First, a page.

Over the past 22 years, American photographer and filmmaker Edward Serotta has lived in Budapest and Berlin and now Vienna. That has meant a lot of dinners — Shabbat or otherwise — in a lot of homes in a lot of cities.
He often finds himself seated with people like Roza Kamhi, an 88-year-old Jewish woman in Macedonia with war medals for being a partisan and family snapshots dating back to the 1930s.
“Who would not want to capture Roza’s story,” Serotta said by e-mail from Vienna. “Who would not want to hear of what it was like living in prewar Monastir, or Bitola as it’s called today, when 3,000 Jews lived there?
“This is history that belongs to us.”
It was with that spirit that Serotta and two historians, Eszter Andor and Dora Sardi, started Centropa, a Jewish historical institute that spent eight years training young historians in 15 European countries to create a different sort of oral history project.
Rather than interview Central Europe’s last living Holocaust survivors on video, Centropa has digitized more than 20,000 of their family photos (while also interviewing them).
Stories from Polish survivors have been put together to form the exhibit “Jewish Witness to a Polish Century,” which is currently on display at three Bay Area locations: the JCC of San Francisco, the Peninsula JCC in Foster City and the Oshman Family JCC in Palo Alto.
The exhibit, based on 70 interviews conducted in Poland, was hatched from a series of conversations between Serotta and Tad Taube, founder of the Belmont-based Taube Foundation for Jewish Life and Culture and chair of the Koret Foundation.
The foundation, which has made Polish Jewish heritage and culture one of its areas of focus in recent years, helped ensure that Centropa’s team of interviewers could travel around Poland to seek out elderly Jews still living there, and then interview them.
Instead of asking mainly about the Holocaust, Centropa queried the seniors about how they lived — from the small comedies of everyday life to the great tragedies that befell them.
At the same time, the team gathered and digitized some 1,600 old photographs of life in Poland. An editor working with Serotta in Vienna plucked many of those to create the exhibit.
Because every picture in the exhibit came from someone’s family album, none have been seen by anyone outside of family members and perhaps a few friends.
“[The exhibit] is like walking into a three-dimensional photo album,” Serotta said. “You find huge roll-up banners, and on each a picture and a story.”
Since Centropa’s launch in 2000, more than 140 interviewers, editors, historians and transcribers have worked to capture the stories of more than 1,250 elderly Jews still living in 15 Central European countries such as Estonia, Russia, Greece and Turkey.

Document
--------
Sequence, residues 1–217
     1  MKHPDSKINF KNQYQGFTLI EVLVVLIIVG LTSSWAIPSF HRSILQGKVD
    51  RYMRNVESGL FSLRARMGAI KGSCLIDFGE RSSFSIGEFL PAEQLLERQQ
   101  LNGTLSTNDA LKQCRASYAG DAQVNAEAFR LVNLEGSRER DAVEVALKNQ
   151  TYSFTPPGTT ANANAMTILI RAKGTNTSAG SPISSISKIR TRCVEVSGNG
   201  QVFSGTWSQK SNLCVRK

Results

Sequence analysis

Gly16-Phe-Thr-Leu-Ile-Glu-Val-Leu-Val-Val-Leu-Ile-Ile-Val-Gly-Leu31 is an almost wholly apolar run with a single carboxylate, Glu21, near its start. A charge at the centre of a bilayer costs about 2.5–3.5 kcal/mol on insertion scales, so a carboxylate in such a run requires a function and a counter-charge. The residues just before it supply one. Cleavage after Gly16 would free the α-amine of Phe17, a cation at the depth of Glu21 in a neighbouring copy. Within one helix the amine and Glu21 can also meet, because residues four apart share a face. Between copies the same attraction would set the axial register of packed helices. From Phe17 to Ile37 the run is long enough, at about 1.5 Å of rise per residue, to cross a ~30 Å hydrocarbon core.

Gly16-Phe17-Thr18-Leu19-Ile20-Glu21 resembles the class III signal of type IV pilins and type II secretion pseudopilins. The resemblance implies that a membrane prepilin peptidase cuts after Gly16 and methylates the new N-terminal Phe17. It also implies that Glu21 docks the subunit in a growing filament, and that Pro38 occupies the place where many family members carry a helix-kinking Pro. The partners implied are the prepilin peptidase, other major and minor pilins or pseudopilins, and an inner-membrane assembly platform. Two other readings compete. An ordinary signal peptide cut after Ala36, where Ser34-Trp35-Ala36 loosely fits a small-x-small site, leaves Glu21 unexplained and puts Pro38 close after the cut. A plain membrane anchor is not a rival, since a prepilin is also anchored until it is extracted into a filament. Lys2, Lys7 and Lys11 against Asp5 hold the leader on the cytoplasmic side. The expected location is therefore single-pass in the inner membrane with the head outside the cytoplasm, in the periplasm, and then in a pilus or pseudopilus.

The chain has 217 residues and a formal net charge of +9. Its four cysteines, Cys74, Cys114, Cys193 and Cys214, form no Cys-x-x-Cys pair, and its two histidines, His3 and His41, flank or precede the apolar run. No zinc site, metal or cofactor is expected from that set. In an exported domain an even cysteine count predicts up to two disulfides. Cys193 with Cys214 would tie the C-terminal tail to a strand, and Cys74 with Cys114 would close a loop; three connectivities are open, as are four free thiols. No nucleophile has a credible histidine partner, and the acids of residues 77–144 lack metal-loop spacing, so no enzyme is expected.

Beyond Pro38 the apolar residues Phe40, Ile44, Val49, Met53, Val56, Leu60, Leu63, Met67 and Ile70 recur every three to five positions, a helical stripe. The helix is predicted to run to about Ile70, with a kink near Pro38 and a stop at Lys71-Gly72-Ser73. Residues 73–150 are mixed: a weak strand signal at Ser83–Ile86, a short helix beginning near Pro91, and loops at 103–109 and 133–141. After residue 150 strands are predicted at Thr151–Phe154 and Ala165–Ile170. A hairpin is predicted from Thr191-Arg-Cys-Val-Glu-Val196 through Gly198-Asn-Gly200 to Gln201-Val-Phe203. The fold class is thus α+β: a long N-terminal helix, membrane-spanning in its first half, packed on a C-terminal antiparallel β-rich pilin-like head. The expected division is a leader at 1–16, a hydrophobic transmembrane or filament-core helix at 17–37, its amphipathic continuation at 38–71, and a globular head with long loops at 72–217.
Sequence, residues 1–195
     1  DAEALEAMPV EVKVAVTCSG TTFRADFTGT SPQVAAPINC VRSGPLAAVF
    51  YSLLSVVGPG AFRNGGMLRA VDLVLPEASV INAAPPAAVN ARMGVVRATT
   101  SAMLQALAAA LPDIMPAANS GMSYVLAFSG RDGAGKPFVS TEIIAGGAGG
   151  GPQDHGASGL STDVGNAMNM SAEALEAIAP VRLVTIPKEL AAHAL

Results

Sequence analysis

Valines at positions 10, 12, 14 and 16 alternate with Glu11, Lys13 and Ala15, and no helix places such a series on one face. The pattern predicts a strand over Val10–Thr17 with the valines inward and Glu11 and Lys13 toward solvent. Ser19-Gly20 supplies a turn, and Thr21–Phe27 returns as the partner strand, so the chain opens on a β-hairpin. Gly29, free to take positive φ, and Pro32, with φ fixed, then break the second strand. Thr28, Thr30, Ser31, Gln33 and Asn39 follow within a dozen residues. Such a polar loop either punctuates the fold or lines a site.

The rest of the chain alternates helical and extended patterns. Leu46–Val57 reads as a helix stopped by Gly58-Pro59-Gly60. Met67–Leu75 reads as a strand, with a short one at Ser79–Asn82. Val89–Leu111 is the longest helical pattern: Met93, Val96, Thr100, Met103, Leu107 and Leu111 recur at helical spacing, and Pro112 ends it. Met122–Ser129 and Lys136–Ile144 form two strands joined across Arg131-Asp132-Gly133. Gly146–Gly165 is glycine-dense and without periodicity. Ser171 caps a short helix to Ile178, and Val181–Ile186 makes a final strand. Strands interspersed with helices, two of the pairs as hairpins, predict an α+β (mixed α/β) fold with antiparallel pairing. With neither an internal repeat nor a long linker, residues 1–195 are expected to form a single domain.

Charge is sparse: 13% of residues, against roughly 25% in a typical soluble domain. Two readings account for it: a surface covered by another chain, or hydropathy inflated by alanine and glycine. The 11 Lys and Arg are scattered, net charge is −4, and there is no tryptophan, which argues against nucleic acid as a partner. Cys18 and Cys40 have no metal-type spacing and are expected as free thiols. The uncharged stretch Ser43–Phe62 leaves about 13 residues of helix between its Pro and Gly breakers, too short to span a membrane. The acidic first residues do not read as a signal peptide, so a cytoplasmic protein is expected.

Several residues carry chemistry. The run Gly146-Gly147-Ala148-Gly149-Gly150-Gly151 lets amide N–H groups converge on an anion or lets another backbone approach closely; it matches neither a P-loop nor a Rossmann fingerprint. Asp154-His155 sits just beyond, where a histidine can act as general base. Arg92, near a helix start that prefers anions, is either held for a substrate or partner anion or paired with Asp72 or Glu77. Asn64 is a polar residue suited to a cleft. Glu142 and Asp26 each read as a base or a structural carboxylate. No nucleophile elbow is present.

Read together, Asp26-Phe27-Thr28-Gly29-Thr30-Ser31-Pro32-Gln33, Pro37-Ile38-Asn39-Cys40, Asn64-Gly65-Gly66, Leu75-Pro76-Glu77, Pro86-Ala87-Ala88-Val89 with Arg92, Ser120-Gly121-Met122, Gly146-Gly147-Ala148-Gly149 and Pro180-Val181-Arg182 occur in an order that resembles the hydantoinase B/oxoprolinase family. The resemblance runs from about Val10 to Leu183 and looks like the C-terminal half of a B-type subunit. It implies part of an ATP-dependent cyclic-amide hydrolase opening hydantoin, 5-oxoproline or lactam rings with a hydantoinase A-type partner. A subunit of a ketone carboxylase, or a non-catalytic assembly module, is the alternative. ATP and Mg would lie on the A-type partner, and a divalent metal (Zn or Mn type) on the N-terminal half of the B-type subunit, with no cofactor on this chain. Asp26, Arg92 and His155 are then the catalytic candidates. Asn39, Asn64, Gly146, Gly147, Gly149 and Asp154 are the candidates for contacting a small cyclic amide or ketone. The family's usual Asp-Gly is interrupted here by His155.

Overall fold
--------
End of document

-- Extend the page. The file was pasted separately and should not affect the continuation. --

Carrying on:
“Our goal is simple,” Serotta said. “To sit on the sofa of an elderly Jew and ask him or her to tell us stories and show us pictures … of an entire lifetime. Our method has to do with building a relationship.”
Centropa then utilizes new technology — Adobe has donated some its most advanced software programs — to preserve these oral and visual memories, and then tries to disseminate the results to the largest audience possible.
The organization’s digitized archive of memory (pictures, stories and films) is available at www.centropa.org.
Centropa also produces educational materials used in schools throughout the world. And soon, Serotta said, he hopes to create a program allowing for uploads to the Centropa site of old family photos.
The international success of Centropa continues to amaze Serotta, who says he never forgets how it all began.
“I don’t think there’s been a day since I’ve lived here [in Central Europe] that I haven’t been surprised to some degree,” he said. “I still remember walking into the Jewish soup kitchen in Bucharest in December 1985 and sitting at a table of elderly Jewish men who told me so many jokes I almost gagged on my brisket. I started Centropa because I felt it was the right thing to do, to preserve Jewish memory.”
Exhibition locations and hours
“Jewish Witness to a Polish Century” currently is on display at three local Jewish Community Centers. Here are the details on each, along with information about opening receptions that include Centropa director Edward Serotta.
JCC of San Francisco: Through Dec. 15 in the Katz Synder Gallery. 8 a.m. to 10 p.m. Monday through Thursday; 8 a.m. to 6 p.m. Friday through Sunday. Free. Opening event: Serotta and Koret Foundation CEO Jeff Farber. 7 p.m. Oct. 12. Free. Reservations required. RSVP to (415) 292-1233 or email@example.com. More information: www.jccsf.org.
Peninsula JCC, Foster City: Through Nov. 28 in the Art Gallery during PJCC operating hours. Free. Opening reception and presentation: Serotta and Susan Wolfe, director of grantmaking programs and communications for the Koret Foundation. 7 p.m. Oct. 13. Free. For reservations, call (650) 378-2702. More information: www.pjcc.org.
Oshman Family JCC, Palo Alto: Through Nov. 28 in Koch Gallery. To schedule a viewing, contact Jennifer Landucci at (650) 223-8664 or firstname.lastname@example.org. Official opening: Serotta and Tad Taube, chairman of the Taube Foundation for Jewish Life and Culture. 7 p.m. Oct. 14. Free. Reservations requested. RSVP to (650) 223-8699 or email@example.com. More information: www.paloaltojcc.org.
The exhibit was made possible by the Taube Foundation for Jewish Life and Culture, the Koret Foundation, the S.F.-based Jewish Community Federation and the Embassy of the Republic of Poland.